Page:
So we wrote previously about the would-be drama between Grace Fu and Leon Perera here and here. To recap – Grace Fu, AKA Leader of the House, wrote a letter to Workers’ Party NCMP Leon Perera last week. She asked him to apologise for his false statements that MediaCorp had edited and removed Parliamentary footage, and then only uploaded the correct version after he had intervened.
We expected it to get ugly. We expected much action. We even thought WP head Low Thia Khiang might stand up to help defend Perera.
In the end, quite boring lah.
Perera just said he is sorry lor.
He gave a personal explanation and said his memory no good. So he had recalled the sequence of events wrongly. He apologised to the House for making “inaccurate statements” and retracted his statement, also adding that he had not meant any ill intent. Surprisingly, Grace Fu gracefully (sorry, we just had to say it) accepted his apology – but also took the chance to remind the members that the House had to be built on truth. Leader of the House must have last word, lah.
Mothership reproduced the full transcript of their exchange, as seen here. We also copy at the end of this article for you. Because how often somebody say sorry in Parliament right.
We will give it to Perera this time. It’s always difficult to have to eat humble pie (and in front of all these ministers, members of Parliament etc). Which is a lot better than what we can say for his other fellow Opposition politician Chee Soon Juan, who says all sorts of rubbish, doomsday things and did we ever hear an apology? No.
Sure, he should have known better than to anyhowly say things before trying to make a point of argument in Parliament. But come on lah, he doesn’t have a whole team of civil servants like some ministers helping him to fact-check even the weather forecast ok.
Everyone makes mistakes. We also have days where our memories are bad. Just make sure next time you check and check your facts ok.
Or maybe can also drink more cod liver oil to improve memory.
Transcript of apology:
Leon Perera: “I would now like to definitively withdraw my earlier statements to the effect that the video had been edited with certain bits removed and that the video had been edited and only corrected after my intervention.
I confirmed that Mediacorp had explained this to me in February 2017 and I had accepted that.
I would like to apologise to the House for all incorrect recollections of the chain of events in February 2017 contained in this exchange as per house conventions.
However, I did not deliberately misrepresent the facts of that incident to this House.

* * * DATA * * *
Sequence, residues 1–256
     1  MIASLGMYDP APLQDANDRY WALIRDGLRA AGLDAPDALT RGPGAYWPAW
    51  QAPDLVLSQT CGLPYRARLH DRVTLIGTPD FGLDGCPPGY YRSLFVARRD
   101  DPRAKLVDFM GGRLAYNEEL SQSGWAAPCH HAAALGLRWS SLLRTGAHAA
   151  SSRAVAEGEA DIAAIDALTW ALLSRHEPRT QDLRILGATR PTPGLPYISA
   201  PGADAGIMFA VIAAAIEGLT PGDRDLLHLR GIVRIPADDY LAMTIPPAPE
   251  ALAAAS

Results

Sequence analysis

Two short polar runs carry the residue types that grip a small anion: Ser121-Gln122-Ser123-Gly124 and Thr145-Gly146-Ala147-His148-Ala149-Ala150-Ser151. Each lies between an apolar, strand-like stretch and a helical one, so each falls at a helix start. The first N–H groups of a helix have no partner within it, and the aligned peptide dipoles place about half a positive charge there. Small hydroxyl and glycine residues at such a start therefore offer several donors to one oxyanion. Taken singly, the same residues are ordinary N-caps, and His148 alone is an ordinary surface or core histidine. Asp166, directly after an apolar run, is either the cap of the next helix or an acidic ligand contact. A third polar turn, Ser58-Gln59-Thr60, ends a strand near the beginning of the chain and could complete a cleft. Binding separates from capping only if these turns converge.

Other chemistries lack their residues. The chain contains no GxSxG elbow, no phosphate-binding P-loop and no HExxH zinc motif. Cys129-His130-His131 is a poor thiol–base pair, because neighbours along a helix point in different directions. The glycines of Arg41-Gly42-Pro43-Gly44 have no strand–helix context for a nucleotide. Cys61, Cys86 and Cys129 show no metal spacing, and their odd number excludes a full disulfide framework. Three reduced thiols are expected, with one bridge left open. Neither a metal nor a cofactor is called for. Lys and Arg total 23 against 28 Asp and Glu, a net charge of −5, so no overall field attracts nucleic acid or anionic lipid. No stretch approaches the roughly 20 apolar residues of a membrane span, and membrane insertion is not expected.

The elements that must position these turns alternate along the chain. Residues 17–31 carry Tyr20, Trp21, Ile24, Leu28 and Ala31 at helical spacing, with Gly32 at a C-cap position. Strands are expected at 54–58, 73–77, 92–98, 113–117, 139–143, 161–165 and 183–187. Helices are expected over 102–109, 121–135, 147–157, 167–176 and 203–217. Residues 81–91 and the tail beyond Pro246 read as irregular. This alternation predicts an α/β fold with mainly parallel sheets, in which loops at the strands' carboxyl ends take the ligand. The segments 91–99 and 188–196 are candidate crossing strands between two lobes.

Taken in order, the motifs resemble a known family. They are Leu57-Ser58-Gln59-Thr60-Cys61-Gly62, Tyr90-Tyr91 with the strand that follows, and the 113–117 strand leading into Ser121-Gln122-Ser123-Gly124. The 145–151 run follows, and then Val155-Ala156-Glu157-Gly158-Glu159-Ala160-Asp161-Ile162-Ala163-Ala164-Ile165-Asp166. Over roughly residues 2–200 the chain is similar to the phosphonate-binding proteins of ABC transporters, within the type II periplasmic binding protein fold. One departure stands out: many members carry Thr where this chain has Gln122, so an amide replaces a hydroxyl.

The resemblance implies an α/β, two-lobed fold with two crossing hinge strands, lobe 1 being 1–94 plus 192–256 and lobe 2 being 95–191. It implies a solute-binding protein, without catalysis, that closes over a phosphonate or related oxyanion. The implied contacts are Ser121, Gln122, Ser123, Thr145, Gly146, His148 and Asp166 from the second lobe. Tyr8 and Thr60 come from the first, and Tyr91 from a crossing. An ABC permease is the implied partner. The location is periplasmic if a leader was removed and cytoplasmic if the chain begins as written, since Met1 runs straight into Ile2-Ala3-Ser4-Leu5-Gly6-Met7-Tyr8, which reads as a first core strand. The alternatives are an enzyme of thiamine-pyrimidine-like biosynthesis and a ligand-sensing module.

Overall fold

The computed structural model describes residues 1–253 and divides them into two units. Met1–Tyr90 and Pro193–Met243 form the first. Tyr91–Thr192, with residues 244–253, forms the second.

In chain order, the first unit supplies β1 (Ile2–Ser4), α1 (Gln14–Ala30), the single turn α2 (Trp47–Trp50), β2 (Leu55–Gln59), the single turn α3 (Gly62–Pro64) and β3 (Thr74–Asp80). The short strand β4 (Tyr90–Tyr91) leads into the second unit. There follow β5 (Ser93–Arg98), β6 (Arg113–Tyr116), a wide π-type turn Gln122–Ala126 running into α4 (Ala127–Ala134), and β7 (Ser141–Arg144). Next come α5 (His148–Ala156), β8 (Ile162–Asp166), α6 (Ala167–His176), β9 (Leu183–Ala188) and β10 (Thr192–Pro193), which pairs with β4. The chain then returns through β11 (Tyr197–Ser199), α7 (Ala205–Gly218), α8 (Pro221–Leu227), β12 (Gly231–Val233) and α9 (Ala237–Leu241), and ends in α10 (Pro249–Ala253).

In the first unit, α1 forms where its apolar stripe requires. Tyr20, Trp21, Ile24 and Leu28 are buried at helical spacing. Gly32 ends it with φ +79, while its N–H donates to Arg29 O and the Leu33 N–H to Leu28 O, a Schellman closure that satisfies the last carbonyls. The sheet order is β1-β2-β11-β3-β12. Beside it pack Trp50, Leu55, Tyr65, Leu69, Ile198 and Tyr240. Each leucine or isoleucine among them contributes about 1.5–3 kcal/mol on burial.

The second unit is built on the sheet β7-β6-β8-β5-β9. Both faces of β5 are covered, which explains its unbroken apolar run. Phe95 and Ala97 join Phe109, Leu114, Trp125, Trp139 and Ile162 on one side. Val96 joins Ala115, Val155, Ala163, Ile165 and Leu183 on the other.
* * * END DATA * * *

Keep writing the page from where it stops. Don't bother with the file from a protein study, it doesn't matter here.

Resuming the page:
Firstly, I did not plan to raise this during the supplementary questions. I did so off the cuff and only in response to a request to enumerate any incidence of editing that I knew of. As it turned out, my memory of the incident was inaccurate.
Secondly, I did acknowledge my memory might well be imperfect, as I prefaced it with the phrase quote ‘if my memory serves me well’.
Thirdly, I stated explicitly, and twice on that day, that the incident had been resolved amicably and did not accuse Mediacorp of partisan editing of a video clip in that incident, which makes the matter of when the clip was corrected immaterial.
I’d also like to reiterate that the main thrust of my PQs (parliamentary questions) and SQs (supplementary questions) had been the nature and ownership of parliamentary video footage, which was clarified as a result of the PQ.
Secondly, whether and how videos are edited, which was also clarified by the PQ that there is editing and in so far that means the arrangement of parliamentary exchanges in the clips etc but not verbatim editing of the exchange within a particular clip.
And thirdly why livestreaming of Parliament is not provided, an issue that SMS Chee explained the government’s position which is one I disagree since live-streaming would remove any concern about the reflectiveness of clips of particular exchanges are uploaded sometimes after the event.
In conclusion, I apologise to the House for any mistaken impression created by my failure of memory. I agree that parliamentary privilege is a privilege that should never be taken lightly. However, I did not deliberately misrepresent facts or deliberately mislead the House for whatever reason.”
Grace Fu: “The fact is that the member has indeed made untrue allegations and I thank him for acknowledging his misleading statements and also acknowledge his apology to Parliament.
I’d like to stress here that MPs are given parliamentary privilege to speak freely and surface different views but this must not be misused to misrepresent facts or mislead Parliament.
I’m glad Mr Perera has clarified his statement by withdrawing his false allegations against Mediacorp and apologising to Parliament.
Mr Perera has indeed acknowledge he has made a mistake in recollecting his facts. I will not want to read too much into his intentions whether there was indeed deliberate allegations against Mediacorp but statements which were wrongly made in this House deserve to be retracted if indeed untrue so the members are able to benefit from discussion and also to restore trust on each other’s statements made in this house.
It is only in this way that we are able to have useful and effective discussions in this House, because we believe what we say here, we have a serious basis for them and we will not make any statements unless we are very scrupulous with the facts backing them.
So I hope this serves as a timely reminder for all members of the house of the high standards of integrity and honesty we expect in this House.”